In the month leading up to today's IPO, VMware (NYSE: VMW ) got some sugar-daddy friends. Cisco (Nasdaq: CSCO ) wrote a check for $150 million, and Intel (Nasdaq: INTC ) also signed over $218.5 million in exchange for an equity stake. Those deals provided some rocket fuel for the company's market debut, which saw shares skyrocket 76% to $51. The company now sports a market cap of $19.1 billion. Keep in mind that EMC (NYSE: EMC ) bought VMware in 2004 for a mere $625 million, and will still hold 87% of the shares.
Back in the 1990s, a group of super-smart computer scientists from Stanford dusted off the concept of virtualization, which was once popular with mainframes during the 1970s. The technology made it possible to create more than one virtual machine on a single physical server.
It was a "eureka!" moment. With data-center space running about $1,000 per square foot, and power usage at about $560 per server, the cost savings of using virtualization can add up fairly quickly for customers. As a result, VMware has enjoyed crushing demand, roughly doubling its revenue every year since 1999.
More than midway through 2007, that demand continues apace. In Q2, total revenue spiked 90% to $296.8 million, while license revenue rose an impressive 80% to $204 million. License revenue is critical, since it tends to lead to ongoing service and maintenance fees. Operating income climbed 81% to $46.7 million. I suspect the amount could be higher, but VMware has continued to invest in research and development and marketing/sales to continue its growth ramp.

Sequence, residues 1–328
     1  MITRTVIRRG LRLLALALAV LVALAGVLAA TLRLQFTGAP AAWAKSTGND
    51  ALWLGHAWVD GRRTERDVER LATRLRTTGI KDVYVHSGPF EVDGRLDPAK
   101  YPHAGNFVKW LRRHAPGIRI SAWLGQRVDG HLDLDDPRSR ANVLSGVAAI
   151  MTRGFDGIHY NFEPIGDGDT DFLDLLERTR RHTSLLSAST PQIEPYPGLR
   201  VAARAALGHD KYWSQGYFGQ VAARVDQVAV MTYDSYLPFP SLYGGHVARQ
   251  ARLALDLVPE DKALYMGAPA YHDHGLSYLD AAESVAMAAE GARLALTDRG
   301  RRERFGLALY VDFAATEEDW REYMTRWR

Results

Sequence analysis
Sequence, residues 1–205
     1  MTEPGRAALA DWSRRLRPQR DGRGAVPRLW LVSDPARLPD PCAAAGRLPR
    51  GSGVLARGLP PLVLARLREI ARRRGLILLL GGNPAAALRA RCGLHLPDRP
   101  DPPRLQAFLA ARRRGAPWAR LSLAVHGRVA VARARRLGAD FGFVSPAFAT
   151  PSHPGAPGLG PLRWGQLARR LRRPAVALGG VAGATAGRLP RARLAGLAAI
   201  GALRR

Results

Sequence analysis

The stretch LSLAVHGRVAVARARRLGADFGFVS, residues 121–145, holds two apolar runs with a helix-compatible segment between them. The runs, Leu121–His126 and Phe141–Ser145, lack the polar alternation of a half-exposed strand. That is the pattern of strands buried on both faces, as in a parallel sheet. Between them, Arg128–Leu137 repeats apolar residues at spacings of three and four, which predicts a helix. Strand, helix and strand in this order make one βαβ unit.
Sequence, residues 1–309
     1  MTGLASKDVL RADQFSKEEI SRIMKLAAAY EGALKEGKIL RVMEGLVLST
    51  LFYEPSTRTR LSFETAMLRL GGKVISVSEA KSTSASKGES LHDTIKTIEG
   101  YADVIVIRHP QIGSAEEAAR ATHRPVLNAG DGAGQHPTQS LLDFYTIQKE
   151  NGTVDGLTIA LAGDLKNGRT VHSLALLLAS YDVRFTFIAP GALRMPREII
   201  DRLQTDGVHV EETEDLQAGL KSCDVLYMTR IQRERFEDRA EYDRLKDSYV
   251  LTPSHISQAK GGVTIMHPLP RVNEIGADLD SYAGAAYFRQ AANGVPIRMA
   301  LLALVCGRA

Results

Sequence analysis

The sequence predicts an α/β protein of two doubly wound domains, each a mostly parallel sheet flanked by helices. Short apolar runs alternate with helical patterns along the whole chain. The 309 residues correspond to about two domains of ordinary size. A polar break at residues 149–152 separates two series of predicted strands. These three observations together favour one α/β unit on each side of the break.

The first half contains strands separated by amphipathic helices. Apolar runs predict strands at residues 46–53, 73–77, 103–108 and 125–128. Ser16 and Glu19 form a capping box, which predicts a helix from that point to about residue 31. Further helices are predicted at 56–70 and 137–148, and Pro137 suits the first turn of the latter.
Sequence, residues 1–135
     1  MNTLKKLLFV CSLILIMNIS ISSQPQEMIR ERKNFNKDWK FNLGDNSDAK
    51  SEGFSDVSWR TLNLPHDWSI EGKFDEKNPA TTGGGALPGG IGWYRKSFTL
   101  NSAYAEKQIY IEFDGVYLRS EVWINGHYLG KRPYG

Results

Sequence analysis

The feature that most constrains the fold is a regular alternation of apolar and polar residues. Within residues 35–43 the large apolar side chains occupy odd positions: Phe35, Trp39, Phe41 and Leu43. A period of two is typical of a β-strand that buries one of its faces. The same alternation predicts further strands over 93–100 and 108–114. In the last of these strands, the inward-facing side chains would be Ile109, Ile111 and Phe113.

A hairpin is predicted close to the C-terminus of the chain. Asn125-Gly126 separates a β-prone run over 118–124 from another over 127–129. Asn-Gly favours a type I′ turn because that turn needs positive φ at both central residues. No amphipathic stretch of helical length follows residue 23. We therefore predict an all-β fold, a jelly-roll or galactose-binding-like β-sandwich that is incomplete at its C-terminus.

VMware does more than simply helping customers slash costs. The company has essentially created a core platform that assists with security, change management, systems availability, desktop management, and more, and it undoubtedly plans to further augment that list.
With the help of more than 5,000 distribution partners, VMware's 20,000 total customers now include all of the Fortune 100, and 840 of the Fortune 1,000.
VMWare's main rival is Microsoft (Nasdaq: MSFT ) . However, Mr. Softy's current offerings are entry-level, and its enterprise-class solutions won't hit the markets until late next year. Meanwhile, VMWare has a suite of 17 products, and its flagship offering is in its sixth generation. In the tech world, VMware has become synonymous with virtualization.
VMware's revenue run-rate is about $1.2 billion, giving the company a price-to-sales multiple of 16. Even for a company with strong barriers to entry and enticing growth prospects, that's not cheap, particularly given the considerable hype surrounding its IPO debut. In other words, Foolish investors are probably best off waiting for things to calm down before thinking about grabbing some shares.